NewScientist on Invasives Control on South Georgia

excerpt from the New Scientist at

Extermination in paradise

AS ISLANDS go, you would be hard pressed to find one more remote. Deep in the southern Atlantic Ocean sits South Georgia, a haven for wildlife in the midst of ferocious seas. Over 30 million birds of 31 species breed here and a further 50 species have been spotted. It is home to grey-headed albatrosses, northern giant petrels, white chinned petrels, Antarctic prions, half of the entire population of macaroni penguins and most of the planet’s population of the South Georgia blue-eyed shag.

But it is not as idyllic as it sounds. Under the surface lurks a menace that is slowly ripping the ecosystem apart: rats.

The rodents were stowaways on sealing and whaling ships that visited the island until the mid-20th century. When the hunters stopped coming, the rats were left to their own devices along with a small population of reindeer that had been brought for food and now roam wild. Without natural predators, the rat population has swollen to many million, eating their way through tens of millions of ground-nesting birds’ eggs and chicks in the process. As a result, the island’s endemic wildlife is under threat, and its only songbird, the South Georgia pipit, is on the brink of extinction.

Now the South Georgia Heritage Trust (SGHT) is going to fight back. In what will be the largest mass extermination ever attempted, the SGHT plans to poison every rat on the island. “The difference between success and failure is the survival of two rats on the entire island,” says Tony Martin, project manager of the SGHT Habitat Restoration Programme. “We don’t have to get rid of most or even 99.9 per cent of the rats – we have to eradicate 100 per cent.”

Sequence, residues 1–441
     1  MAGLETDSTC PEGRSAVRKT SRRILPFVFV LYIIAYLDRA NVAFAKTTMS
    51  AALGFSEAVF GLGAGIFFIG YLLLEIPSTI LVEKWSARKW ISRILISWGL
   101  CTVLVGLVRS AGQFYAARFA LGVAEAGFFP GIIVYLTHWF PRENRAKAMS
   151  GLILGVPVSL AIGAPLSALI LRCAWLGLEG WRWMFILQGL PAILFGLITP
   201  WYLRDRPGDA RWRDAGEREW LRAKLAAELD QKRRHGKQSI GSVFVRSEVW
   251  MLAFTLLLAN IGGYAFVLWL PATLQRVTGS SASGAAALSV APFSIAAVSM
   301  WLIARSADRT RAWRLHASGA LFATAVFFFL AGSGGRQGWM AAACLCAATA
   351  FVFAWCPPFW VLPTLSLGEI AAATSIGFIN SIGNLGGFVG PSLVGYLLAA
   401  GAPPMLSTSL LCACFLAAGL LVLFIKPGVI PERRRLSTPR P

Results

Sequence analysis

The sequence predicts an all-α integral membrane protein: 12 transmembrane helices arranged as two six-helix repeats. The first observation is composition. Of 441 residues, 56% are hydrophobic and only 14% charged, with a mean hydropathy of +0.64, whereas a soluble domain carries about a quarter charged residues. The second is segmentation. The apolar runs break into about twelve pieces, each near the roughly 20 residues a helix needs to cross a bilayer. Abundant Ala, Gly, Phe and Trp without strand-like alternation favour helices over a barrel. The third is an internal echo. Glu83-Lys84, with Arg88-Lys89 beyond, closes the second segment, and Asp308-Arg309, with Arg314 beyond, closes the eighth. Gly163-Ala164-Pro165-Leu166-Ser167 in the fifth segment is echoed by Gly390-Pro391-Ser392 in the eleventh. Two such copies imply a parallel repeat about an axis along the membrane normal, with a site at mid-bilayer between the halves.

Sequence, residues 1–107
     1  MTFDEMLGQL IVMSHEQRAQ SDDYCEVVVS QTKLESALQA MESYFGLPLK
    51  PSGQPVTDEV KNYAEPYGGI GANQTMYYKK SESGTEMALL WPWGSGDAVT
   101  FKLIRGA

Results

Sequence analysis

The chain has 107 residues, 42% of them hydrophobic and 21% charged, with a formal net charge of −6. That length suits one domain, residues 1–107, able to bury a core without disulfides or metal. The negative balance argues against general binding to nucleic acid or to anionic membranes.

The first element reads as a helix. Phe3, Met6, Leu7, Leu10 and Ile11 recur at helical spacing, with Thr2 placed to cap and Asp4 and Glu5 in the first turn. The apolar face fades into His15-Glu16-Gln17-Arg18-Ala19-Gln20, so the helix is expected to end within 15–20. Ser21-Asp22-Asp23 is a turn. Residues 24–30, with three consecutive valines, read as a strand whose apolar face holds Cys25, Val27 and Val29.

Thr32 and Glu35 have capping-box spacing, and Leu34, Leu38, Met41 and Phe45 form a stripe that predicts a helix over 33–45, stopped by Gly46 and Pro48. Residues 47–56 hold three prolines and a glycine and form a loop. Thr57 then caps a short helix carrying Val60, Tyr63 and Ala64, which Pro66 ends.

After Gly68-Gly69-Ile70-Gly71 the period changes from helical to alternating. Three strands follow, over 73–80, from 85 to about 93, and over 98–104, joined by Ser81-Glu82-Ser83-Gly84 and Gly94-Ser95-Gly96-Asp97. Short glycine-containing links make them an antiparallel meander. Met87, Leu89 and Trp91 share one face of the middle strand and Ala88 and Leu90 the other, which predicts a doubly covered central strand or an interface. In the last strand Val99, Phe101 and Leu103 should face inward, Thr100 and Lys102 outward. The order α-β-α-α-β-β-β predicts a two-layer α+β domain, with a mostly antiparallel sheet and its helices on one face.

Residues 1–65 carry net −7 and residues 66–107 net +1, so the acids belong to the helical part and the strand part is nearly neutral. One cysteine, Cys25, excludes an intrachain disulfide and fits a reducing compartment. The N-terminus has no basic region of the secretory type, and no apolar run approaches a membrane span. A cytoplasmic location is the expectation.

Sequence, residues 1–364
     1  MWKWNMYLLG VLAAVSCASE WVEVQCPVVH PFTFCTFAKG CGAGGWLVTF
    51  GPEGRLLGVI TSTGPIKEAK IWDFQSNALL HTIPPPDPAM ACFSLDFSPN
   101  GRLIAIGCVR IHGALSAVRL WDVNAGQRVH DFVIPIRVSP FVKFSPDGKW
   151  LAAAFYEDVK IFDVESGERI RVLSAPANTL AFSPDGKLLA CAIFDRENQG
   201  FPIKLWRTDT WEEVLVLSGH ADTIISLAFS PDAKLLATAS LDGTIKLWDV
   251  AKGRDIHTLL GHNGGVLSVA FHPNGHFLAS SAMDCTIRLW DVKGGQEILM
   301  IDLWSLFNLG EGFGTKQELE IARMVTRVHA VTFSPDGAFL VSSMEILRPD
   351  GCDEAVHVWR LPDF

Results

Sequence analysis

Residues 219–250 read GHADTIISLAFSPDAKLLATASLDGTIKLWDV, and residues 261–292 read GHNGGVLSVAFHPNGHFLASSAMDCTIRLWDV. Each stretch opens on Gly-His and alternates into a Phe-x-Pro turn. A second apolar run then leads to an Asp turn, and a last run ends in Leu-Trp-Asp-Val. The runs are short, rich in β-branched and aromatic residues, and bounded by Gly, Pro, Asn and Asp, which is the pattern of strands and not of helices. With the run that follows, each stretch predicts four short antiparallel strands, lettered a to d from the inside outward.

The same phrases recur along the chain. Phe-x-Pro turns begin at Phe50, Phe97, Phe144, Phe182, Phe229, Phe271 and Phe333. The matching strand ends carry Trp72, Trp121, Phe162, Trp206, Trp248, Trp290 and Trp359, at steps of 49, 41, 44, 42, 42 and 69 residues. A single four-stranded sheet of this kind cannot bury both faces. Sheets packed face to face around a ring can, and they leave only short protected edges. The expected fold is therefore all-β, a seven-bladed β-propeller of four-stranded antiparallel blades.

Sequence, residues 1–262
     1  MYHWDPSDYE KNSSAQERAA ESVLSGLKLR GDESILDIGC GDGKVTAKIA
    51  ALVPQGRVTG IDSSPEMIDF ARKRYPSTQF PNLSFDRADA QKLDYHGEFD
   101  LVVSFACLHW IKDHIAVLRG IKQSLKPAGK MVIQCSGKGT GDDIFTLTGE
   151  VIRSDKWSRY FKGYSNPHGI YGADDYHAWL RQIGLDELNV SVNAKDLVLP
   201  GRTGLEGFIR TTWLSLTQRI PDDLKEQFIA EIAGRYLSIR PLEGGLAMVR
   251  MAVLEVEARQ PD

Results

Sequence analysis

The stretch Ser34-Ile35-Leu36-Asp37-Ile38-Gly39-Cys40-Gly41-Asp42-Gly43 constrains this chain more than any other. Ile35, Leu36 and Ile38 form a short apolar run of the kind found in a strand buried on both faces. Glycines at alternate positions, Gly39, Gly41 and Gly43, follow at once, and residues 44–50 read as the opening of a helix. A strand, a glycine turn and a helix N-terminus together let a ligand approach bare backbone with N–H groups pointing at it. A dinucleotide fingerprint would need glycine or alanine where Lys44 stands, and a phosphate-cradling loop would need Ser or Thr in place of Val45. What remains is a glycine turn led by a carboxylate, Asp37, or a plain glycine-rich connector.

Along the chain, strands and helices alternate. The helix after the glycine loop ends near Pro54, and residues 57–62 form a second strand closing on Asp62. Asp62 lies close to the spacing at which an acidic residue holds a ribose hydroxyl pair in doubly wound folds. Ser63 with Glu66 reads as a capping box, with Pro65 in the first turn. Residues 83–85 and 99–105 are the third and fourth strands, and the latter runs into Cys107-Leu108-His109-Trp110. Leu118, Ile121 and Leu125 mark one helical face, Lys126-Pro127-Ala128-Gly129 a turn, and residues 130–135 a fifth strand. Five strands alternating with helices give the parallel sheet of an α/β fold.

Absolute eradication is the only option because rats breed rapidly. They can live for around two years, achieve sexual maturity at two months old and are able to produce seven litters of 8 to 10 offspring a year. Female rats reach menopause at around 18 months. Even in the harsh climate of South Georgia, a sexually mature female is likely to have around four litters a year. If just one couple survive, it will only take a few years before the island is overrun again (see diagram).

go to the link above for graphics and the rest of the article . . . 

Sanjida O’Connell is an editor in New Scientist‘s Opinion section

About Bruce

Work for sustainable development of small islands and the Chesapeake Bay; ex-Peace Corps (Volunteer and staff) in LA & Caribbean; cruised Caribbean on S/Y Meander for three years; like small tropical islands, French canals, Umbria, Tasmania, and NZ. Married 52 years to the late Kincey Burdett Potter (see President of the now-sunsetting Island Resources Foundation.
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